A technique described by its creators as “like picking up a pea by placing a drinking straw on it and sucking through the straw” could make it easier to fabricate precise 3D patterns of biological tissues in the laboratory. The approach, dubbed aspiration-assisted bioprinting, could be used for applications such as regenerative medicine, tissue engineering and in vitro modelling of human diseases.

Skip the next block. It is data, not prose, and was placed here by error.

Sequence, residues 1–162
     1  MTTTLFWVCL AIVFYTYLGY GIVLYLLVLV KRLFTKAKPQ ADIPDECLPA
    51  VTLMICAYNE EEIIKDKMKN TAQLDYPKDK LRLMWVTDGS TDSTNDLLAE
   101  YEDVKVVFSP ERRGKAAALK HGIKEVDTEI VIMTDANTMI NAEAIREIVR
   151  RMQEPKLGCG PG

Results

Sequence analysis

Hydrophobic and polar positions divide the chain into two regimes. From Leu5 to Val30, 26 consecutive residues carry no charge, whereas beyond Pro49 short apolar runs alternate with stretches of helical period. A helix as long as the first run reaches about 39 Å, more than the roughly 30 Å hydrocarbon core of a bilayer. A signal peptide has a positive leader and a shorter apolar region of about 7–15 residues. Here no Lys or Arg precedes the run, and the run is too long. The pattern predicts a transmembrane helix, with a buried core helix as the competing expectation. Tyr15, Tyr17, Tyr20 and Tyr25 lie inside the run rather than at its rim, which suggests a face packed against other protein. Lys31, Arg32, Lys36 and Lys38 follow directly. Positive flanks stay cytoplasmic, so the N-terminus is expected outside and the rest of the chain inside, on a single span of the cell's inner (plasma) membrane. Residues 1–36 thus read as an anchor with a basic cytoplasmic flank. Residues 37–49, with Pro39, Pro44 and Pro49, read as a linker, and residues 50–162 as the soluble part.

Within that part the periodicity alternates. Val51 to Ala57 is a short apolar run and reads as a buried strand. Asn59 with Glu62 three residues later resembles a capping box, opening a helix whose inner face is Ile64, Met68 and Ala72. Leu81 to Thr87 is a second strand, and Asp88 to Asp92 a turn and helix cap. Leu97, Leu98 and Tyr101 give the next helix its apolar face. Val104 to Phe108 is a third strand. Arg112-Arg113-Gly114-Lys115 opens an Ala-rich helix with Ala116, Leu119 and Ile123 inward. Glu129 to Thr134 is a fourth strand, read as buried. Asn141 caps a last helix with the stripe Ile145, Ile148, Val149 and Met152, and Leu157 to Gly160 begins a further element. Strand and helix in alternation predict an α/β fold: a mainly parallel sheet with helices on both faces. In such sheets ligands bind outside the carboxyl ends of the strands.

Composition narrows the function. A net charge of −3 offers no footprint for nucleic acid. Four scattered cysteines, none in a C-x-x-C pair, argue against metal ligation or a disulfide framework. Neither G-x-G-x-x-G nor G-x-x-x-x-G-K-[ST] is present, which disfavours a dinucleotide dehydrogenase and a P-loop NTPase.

In 3D bioprinting, cell-laden hydrogels or “bioinks” are used to build biological structures layer-by-layer. Recent advances in the field mean that researchers can routinely fabricate patterned tissues and vascular-like networks and perfuse them with living cells and nutrients. The techniques employed vary depending on the viscosity and nature of the bioinks, and include ink-jet printing, microvalve- and extrusion-based bioprinting to name but three.